The Ministry of Economy, governed by Mr Emil Karanikolov, changed its strategies several times on how and whether, if at all, additional regulations for the petroleum sector are needed

Reporter: Ms Julia Lazarova

The Law was introduced to the National Assembly last year by MPs from all parties headed by Mr Emil Dimitrov-Revizoro, with the main aim of fighting the grey economy in the fuel sector. However, the Law would have incurred more expenses to smaller-sized companies; it would have also restricted participation of new players and thus limit competition. The law entered into force on January 28th. Protests followed, with the president of KRIB Kiril Domuschiev, the owner of Insa Oil, Georgi Samuilov, farmers and mining companies, all strongly opposing it. Ultimately, adjustments were made with the aim of facilitating the requirements for small-size fuel retailers.

In the meantime, amendments to the texts were approved in order to solve the absurd situation incurred to both the mining industry and the construction business, which were suddenly facing the situation of being unable to load their machines underground or on highways under construction, on which petrol stations were yet to be build. The Government decided to postpone the enactment of the law by six months, i.e. on July 1st, by postponing the entry into force of the Ordinance under the law for up to six months deferment. In turn, businesses in this particular sphere must be registered as such up until three months after the law’s official entry into force.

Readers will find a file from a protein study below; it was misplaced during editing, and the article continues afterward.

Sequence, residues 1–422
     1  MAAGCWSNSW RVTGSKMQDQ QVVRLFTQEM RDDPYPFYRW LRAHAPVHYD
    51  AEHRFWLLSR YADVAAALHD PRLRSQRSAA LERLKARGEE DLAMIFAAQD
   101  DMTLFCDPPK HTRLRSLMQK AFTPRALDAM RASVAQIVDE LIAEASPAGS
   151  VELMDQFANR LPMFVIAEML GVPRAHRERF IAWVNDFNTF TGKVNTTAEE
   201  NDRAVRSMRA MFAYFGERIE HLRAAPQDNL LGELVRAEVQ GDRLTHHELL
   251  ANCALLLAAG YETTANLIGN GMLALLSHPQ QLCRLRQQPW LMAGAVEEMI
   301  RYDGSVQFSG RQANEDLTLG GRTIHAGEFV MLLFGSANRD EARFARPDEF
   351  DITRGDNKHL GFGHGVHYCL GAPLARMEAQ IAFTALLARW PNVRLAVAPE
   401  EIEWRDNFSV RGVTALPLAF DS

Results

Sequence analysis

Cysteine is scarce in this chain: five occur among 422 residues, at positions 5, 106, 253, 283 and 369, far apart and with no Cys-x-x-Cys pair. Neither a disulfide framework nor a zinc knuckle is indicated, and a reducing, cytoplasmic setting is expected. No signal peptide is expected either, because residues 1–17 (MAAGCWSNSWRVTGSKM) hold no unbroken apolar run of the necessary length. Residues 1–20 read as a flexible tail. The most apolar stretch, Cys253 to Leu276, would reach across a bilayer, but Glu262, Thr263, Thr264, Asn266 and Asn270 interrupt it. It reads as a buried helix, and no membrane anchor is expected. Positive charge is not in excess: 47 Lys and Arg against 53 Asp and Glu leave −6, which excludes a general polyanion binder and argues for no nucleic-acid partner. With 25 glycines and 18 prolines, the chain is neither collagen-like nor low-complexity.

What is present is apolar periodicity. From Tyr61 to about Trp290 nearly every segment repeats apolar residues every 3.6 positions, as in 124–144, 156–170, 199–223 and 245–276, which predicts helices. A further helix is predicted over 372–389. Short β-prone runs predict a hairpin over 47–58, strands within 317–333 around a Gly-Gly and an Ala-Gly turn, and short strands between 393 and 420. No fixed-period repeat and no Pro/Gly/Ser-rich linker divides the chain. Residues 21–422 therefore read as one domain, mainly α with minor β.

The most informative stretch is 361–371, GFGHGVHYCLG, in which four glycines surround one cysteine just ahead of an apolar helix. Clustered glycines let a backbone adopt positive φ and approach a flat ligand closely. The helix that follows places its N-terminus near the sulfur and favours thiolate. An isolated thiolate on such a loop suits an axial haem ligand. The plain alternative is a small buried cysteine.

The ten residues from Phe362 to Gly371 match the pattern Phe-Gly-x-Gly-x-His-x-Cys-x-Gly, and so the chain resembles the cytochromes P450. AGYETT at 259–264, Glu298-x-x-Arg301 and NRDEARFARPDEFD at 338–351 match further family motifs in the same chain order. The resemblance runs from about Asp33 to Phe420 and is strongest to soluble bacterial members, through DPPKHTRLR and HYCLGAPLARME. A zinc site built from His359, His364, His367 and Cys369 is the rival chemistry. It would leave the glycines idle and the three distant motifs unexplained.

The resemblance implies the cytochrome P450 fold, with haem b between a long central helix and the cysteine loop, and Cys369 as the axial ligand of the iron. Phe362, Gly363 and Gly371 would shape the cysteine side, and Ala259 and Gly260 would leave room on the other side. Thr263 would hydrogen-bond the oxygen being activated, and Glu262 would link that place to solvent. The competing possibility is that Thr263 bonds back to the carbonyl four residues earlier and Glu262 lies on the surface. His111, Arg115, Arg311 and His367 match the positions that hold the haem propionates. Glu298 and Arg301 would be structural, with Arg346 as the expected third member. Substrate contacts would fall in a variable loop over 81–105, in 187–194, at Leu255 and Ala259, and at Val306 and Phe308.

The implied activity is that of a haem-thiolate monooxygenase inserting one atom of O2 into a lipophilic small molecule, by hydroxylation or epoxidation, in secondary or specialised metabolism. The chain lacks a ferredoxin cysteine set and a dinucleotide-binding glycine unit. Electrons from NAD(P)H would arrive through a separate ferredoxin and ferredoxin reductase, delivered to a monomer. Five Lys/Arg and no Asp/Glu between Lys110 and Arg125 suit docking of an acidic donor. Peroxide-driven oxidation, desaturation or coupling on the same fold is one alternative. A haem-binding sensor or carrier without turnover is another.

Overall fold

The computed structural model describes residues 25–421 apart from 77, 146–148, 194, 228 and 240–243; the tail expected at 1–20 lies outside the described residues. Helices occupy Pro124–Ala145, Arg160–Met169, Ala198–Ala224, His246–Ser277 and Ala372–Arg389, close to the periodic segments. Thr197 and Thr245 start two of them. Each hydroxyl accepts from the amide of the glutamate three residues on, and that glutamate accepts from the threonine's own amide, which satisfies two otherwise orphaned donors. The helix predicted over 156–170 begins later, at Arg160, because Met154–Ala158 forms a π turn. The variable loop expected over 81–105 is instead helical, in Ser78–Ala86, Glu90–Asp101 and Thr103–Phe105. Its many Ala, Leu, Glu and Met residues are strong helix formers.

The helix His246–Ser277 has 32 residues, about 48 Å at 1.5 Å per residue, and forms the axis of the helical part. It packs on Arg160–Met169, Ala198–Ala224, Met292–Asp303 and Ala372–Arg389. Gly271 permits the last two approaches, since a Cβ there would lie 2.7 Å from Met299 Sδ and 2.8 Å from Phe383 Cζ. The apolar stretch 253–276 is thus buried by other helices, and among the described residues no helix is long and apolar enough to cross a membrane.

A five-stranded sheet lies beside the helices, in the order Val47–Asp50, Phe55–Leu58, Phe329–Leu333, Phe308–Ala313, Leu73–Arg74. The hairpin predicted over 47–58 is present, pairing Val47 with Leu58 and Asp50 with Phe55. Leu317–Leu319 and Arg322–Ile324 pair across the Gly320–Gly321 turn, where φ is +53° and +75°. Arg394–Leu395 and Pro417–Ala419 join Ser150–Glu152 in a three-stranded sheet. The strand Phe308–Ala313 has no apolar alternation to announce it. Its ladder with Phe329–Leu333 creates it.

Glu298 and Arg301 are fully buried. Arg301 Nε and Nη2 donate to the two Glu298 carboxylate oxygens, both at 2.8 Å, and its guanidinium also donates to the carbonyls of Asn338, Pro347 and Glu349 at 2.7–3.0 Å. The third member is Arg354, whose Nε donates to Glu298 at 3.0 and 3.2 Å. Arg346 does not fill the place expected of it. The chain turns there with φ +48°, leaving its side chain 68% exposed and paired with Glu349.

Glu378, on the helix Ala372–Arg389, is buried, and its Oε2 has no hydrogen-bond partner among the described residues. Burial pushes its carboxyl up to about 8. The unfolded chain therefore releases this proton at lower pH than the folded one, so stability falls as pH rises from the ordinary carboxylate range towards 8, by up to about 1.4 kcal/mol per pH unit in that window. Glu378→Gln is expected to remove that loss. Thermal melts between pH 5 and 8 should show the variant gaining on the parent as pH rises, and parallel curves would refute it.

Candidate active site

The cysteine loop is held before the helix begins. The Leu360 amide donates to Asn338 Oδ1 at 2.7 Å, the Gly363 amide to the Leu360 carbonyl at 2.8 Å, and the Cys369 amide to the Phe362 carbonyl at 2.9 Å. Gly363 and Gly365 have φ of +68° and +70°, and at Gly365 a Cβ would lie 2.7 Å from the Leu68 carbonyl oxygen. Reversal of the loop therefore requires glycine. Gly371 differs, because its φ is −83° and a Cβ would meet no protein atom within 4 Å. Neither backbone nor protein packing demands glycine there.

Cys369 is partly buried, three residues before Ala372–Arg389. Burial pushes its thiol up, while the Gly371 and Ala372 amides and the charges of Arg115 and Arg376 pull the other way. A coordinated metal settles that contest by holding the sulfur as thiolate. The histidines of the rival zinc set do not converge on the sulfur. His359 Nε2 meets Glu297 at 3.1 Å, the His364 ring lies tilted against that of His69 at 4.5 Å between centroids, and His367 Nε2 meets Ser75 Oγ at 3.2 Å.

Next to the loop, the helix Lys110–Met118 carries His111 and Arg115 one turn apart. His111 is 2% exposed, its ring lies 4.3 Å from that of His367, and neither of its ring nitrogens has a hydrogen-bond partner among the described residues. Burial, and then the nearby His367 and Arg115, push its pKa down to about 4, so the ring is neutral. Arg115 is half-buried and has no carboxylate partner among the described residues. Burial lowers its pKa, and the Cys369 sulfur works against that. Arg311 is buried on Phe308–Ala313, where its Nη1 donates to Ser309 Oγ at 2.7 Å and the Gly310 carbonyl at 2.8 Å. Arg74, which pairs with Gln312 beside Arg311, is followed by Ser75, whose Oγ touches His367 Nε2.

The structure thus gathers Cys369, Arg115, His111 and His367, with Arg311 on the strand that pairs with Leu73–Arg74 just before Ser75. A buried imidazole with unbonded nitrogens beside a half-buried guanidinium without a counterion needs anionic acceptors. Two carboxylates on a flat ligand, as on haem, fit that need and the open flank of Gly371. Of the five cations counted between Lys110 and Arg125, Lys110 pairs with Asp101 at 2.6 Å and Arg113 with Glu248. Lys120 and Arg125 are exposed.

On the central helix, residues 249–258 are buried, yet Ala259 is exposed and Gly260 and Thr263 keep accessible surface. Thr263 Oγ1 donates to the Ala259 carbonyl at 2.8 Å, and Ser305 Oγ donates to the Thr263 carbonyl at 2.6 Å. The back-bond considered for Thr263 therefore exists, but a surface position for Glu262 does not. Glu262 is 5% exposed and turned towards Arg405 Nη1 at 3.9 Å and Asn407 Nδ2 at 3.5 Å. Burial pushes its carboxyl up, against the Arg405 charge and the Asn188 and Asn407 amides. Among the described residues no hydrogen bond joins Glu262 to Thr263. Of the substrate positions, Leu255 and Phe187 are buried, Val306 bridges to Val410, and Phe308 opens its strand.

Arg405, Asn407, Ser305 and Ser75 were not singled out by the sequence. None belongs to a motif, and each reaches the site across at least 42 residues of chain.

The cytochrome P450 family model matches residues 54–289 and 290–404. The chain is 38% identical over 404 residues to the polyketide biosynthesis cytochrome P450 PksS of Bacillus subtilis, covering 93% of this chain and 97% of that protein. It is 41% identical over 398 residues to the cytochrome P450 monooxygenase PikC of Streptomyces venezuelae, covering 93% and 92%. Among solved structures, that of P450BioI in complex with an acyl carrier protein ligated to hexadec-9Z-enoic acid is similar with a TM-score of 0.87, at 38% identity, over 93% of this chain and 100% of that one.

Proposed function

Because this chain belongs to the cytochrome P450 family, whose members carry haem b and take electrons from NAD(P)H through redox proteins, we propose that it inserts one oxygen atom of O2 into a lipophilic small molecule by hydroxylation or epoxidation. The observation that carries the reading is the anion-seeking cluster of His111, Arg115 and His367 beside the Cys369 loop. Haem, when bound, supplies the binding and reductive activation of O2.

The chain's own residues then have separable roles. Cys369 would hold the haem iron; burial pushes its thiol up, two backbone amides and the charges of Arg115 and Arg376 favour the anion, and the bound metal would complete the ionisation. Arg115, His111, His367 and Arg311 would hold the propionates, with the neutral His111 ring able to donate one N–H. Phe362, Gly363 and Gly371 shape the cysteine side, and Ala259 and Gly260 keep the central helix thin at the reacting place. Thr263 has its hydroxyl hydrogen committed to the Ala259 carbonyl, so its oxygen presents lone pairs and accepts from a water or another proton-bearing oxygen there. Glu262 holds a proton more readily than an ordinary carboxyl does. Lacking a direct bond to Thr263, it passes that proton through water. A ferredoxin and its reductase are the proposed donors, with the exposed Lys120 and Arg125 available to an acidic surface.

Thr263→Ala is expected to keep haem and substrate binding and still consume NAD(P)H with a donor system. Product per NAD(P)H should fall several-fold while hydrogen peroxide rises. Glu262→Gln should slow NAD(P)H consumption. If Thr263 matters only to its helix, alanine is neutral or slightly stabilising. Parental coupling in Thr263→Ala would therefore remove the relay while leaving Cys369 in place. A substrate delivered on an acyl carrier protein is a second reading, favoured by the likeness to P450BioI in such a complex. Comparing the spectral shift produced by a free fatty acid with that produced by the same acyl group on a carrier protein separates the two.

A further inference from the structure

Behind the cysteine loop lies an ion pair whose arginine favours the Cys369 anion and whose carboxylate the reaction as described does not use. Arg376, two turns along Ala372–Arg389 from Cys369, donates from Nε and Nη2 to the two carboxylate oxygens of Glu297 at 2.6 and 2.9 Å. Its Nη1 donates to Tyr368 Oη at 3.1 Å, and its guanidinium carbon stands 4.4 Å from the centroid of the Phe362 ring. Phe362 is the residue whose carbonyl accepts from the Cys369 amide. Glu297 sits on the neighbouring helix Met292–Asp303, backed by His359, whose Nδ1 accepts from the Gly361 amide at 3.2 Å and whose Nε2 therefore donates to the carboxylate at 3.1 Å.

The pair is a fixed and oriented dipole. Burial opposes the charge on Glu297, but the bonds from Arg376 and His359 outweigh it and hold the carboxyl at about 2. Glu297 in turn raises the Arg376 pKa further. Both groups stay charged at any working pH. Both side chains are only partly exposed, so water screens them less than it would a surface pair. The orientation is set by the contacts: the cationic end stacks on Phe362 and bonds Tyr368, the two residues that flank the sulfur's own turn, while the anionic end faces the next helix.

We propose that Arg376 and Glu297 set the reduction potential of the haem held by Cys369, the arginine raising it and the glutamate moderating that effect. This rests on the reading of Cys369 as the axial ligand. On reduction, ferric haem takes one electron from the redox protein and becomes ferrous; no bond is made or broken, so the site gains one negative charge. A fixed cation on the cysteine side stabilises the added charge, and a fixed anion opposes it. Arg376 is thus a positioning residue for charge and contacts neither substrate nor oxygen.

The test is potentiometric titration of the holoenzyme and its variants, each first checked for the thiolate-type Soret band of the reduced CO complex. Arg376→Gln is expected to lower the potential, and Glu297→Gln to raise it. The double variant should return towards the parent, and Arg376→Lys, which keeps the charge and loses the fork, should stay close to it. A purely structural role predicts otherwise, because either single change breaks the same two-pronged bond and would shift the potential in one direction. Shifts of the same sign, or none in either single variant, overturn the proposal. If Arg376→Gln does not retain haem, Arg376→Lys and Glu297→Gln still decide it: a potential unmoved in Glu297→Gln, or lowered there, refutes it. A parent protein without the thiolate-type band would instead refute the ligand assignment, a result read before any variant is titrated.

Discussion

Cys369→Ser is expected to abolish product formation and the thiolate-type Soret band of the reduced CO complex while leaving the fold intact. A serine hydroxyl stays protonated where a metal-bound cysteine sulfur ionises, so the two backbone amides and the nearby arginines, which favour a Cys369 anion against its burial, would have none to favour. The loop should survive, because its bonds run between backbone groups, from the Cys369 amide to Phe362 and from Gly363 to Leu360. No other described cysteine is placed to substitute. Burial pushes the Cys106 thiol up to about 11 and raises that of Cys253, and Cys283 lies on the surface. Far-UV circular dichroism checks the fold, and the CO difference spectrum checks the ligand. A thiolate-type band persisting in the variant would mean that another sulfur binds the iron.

The sectoral Law on Fuels will undergo major adjustments, with many regimes to be significantly alleviated as it becomes clear from the proposals, published by, on the changes in the law on the administrative regulation of economic activities related to oil and products of petroleum origin.

The requirement for wholesalers to be in possession of at least EUR 1 million BGN is to be abolished. Instead, the amount of the minimum capital required, will be differentiated according to the size of the business. Smaller-size retailers will be given the option to have their establishment portable, i.e. modular. As for construction companies, they will be able to supply fuel to both their own and for vehicles rented, as well as for vehicles leased to subcontractors. The above changes are offered shortly before the expiration of the 3-month period for the entry into force of the current Law – October 26th. The current sectoral law on fuel was requested by large companies in the Bulgarian Oil and Gas Association.

In the meantime, however, after "meetings and consultations with representatives of inter branch organizations" of all stakeholders concerned, the current changes were offered by the Ministry of Economic Affairs. The basis for these changes, as quoted by the Ministry, lay on a decision taken by the Commission for the Protection of Competition of March 2019 and on the Commission's sectoral analysis, which says that the project introduces new and significant barriers to the entry of new market entrants, establishes procedures that create and support monopolies, with prices being dictated by those monopolies and limiting the opportunities of end-users in smaller regions.

It is now proposed that wholesalers have fixed long-term assets, capital paid in advance or security of 200 thousand BGN based on previous year revenue of up to 5 million BGN; 500 thousand BGN based on previous year revenue of up to 20 million BGN and a security of 1 million BGN based on previous year revenue above 20 million BGN.

For retailers, there is no longer a strict requirement that their gas station be permanently attached to a real estate as there is already an option for it to be modular. Builders will be able to supply subcontractors; the proposal comes from the Chamber of Builders in Bulgaria.